NASCAR suspended driver Kurt Busch late Friday for an indefinite period after a judge in Delaware issued his brief concerning the issuance of a protective order earlier in the week. The judge’s brief stated that Busch indeed “committed an act of domestic violence” against his ex-girlfriend Patricia Driscoll during an incident Sept. 26 at Dover International Speedway. The ruling also stated that Driscoll had “bruising and substantial and prolonged pain to her head, neck and throat.”
Monday the court ruled in Driscoll’s favor and issued a protective order. The order, which is in force until the end of the year, says Busch has to stay 100 yards away from Driscoll, her home and workplace. At NASCAR races he has to maintain the maximum “practicable” distance from her and not attempt to contact her.
Kent County (Del.) commissioner David Jones released his ruling Friday. In it he states that there is enough evidence to believe that Busch physically abused Driscoll “by manually strangling her by placing his left hand on her throat, while placing his right hand on her chin and face and smashing her head into the wall of his motor home, thereby recklessly placing (Driscoll) in reasonable fear of physical injury.”
The incident occurred while NASCAR was at Dover International Speedway during the weekend of Sept. 26-28 last year. The following month, Driscoll reported the incident to police and filed for the protective order at the same time alleging that Busch was verbally abusive and that he wished he “had a gun so he could kill himself.” As a result of the incident Driscoll asked a Delaware court that Busch,36, be evaluated by a psychiatrist and that he stay away from her and her son and that a protective order be issued. The hearing for that protective order wrapped up Jan. 13 with testimony that can only be considered bizarre. Among the allegations from Busch, given under oath, was that Driscoll a trained assassin and that she, among other things, in the inspiration for one of the female characters in a major motion picture about the assassination of Osama Bin Laden.
In Friday’s brief, Jones wrote that he acknowledged the relationship was over, but added that the protective order was “necessary and appropriate to reduce the likelihood of domestic violence.” NASCAR was swift to take action, issuing the suspension of Busch. NASCAR Chairman Brian France said earlier this year that the sanctioning body would let the legal process play out before issuing any actions. The judge’s brief was obviously all they needed and Busch becomes the first driver suspended for domestic violence . He was found in violation of:
• Section 12.1.a: Actions detrimental to stock car racing
• Section 12.8: Behavioral Penalty
“Given the serious nature of the findings and conclusions made by the Commissioner of the Family Court of the State of Delaware, “ NASCAR said in an emailed statement. “NASCAR has indefinitely suspended driver Kurt Busch, effective immediately. He will not be allowed to race nor participate in any NASCAR activities until further notice.
“Kurt Busch and his Stewart-Haas Racing team are fully aware of our position and why this decision was made,” the statement added. “We will continue to respect the process and timetable of the authorities involved.”
Busch’s team, Stewart-Haas Racing issued a statement via email of its own soon after. Busch was scheduled to start 24th Sunday.
“We understand NASCAR’s position regarding Kurt Busch and accept their decision.,” executive vice president Joe Custer said in the statement. “We are in the midst of finalizing our plans for the Daytona 500 and we will announce those details as soon as we’re ready.”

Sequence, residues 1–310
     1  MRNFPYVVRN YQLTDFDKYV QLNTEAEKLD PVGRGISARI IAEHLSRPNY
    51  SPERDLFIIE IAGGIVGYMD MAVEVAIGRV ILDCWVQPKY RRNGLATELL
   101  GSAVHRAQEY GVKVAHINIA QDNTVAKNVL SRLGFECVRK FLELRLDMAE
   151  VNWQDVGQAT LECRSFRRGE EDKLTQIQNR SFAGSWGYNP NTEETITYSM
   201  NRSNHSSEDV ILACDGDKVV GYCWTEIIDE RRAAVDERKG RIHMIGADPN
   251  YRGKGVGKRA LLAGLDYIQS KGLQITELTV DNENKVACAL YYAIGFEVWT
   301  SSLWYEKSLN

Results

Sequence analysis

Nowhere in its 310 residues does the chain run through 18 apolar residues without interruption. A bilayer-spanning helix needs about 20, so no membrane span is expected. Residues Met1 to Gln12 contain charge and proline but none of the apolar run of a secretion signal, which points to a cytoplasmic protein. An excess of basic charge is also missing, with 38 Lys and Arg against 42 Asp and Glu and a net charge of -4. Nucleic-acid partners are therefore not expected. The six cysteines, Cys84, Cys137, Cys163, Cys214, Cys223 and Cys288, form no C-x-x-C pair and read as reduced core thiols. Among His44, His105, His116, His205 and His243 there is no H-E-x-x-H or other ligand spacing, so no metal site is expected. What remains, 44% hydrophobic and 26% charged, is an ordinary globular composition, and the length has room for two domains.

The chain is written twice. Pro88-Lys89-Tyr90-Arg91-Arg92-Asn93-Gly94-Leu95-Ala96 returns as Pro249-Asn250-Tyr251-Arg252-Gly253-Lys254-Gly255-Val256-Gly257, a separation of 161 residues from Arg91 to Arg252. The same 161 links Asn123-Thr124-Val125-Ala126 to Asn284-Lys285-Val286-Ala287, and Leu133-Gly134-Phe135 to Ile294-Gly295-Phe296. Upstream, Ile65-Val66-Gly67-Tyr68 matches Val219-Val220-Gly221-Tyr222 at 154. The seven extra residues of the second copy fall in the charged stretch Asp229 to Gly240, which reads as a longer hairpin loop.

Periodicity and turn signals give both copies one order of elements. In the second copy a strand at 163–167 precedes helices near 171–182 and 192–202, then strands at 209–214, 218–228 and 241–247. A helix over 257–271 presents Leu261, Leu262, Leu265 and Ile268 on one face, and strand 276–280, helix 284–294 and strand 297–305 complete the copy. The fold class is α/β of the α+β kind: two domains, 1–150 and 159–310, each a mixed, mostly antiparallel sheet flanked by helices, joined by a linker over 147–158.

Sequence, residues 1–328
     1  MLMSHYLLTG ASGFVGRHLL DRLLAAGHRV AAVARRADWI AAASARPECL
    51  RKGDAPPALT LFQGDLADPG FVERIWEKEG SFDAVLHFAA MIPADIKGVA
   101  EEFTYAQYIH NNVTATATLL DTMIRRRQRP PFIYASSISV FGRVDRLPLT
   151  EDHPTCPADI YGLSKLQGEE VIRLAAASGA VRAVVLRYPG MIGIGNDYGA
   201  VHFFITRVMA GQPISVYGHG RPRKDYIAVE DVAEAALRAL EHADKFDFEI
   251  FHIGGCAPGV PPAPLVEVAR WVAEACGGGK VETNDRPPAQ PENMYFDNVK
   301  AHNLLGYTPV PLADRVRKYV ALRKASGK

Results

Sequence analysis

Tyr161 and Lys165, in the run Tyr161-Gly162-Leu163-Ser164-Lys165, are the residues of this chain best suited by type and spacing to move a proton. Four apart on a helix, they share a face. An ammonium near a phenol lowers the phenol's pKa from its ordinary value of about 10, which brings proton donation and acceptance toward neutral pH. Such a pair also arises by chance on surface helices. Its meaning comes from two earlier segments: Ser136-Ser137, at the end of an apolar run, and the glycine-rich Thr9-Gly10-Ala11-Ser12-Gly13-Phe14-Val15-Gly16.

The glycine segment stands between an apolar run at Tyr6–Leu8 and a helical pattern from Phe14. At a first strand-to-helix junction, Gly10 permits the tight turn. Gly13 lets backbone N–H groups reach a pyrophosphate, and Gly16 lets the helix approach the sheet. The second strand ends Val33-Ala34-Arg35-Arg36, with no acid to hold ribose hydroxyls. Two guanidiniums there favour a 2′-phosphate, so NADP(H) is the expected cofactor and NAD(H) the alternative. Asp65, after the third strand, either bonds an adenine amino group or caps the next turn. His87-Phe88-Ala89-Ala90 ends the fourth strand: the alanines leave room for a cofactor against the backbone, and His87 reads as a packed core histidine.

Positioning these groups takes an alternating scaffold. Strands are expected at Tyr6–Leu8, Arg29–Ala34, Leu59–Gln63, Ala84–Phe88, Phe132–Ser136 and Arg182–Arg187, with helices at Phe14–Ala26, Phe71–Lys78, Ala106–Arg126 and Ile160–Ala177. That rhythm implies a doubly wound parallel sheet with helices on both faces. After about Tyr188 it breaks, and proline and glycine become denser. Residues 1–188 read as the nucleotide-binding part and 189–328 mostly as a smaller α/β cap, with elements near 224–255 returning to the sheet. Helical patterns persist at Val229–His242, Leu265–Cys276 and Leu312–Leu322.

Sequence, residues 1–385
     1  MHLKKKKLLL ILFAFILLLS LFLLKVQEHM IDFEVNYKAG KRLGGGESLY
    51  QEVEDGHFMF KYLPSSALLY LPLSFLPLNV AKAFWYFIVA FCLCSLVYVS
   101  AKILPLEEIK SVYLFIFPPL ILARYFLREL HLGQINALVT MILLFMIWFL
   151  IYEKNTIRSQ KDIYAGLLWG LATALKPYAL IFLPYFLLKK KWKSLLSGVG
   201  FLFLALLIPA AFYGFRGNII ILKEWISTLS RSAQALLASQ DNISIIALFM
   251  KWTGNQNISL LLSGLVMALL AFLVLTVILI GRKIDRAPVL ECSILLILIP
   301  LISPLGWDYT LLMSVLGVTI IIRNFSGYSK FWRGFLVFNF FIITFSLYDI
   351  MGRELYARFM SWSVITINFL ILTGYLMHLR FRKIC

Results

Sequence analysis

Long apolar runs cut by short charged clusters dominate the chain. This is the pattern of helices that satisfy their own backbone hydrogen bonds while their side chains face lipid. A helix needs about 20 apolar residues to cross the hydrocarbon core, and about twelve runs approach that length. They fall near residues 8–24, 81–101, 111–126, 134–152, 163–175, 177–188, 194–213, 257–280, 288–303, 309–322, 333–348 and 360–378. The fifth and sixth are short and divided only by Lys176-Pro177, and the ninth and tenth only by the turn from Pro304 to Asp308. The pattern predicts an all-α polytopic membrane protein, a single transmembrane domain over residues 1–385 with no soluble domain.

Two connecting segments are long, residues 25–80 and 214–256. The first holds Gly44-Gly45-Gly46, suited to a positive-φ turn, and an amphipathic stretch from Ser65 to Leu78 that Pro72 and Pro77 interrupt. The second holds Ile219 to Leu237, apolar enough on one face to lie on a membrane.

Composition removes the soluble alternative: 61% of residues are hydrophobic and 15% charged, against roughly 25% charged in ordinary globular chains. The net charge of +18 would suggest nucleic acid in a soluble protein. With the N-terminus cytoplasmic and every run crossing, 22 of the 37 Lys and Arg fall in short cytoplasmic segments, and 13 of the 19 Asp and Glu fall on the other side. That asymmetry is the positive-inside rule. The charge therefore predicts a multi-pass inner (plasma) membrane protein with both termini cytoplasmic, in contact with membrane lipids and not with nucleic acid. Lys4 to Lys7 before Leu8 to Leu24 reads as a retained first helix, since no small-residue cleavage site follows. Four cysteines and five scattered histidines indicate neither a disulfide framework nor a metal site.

Chevrolet issued its own statement. Chevrolet is the manufacturer that Stewart-Hass Racing is aligned with.
“Chevrolet has suspended its relationship with Kurt Busch indefinitely,” Jim Campbell, Chevrolet vice president of Motorsports and Performance Vehicles said in the statement. “ We will continue to monitor the events surrounding Mr. Busch and are prepared to take additional action if necessary.”
Kurt Busch himself issued a statement through his lawyer Rusty Hardin. Hardin has already filed an appeal for Busch concerning the protective order.
“We are extremely disappointed that NASCAR has suspended Kurt Busch and we plan an immediate appeal,” the emailed statement said. “We assure everyone, including NASCAR, that this action against Mr. Busch will turn out to be a travesty of justice, apparent to all, as this story continues to unfold.
“We are confident that if the Commissioner agrees to hear newly available evidence that contradicts the testimony of Ms. Driscoll, he will be able understand the actions of that night as well as Ms. Driscoll’s character and motivations and reconsider his judgment. He has already found that Ms. Driscoll lied under oath at least once. Our newly available evidence will make it clear that much more of her testimony was untruthful and was purposefully kept from the Commissioner by Ms. Driscoll’s attempts to intimidate and threaten witnesses.
It is important for everyone to remember that the Commissioner’s report has to do with a civil, family law matter and no criminal charges have been filed against Mr. Busch.”
Late Friday evening NASCAR Vice President Steve O’Donnell held a brief press conference at Daytona International Speedway. He said Busch has the right to appeal the suspension and given the upcoming Daytona 500, should he decide to appeal NASCAR would expedite the appeals process.
“NASCAR has made it very clear to our entire membership and the broader industry that any actions of abuse will not be tolerated in the industry,” O’Donnell said. “I want to make it clear that any inference that there is a culture or tolerance for this type of behavior is patently false.”
Saturday Busch appealed the suspension. He lost that appeal but planned to make a final appeal Saturday night.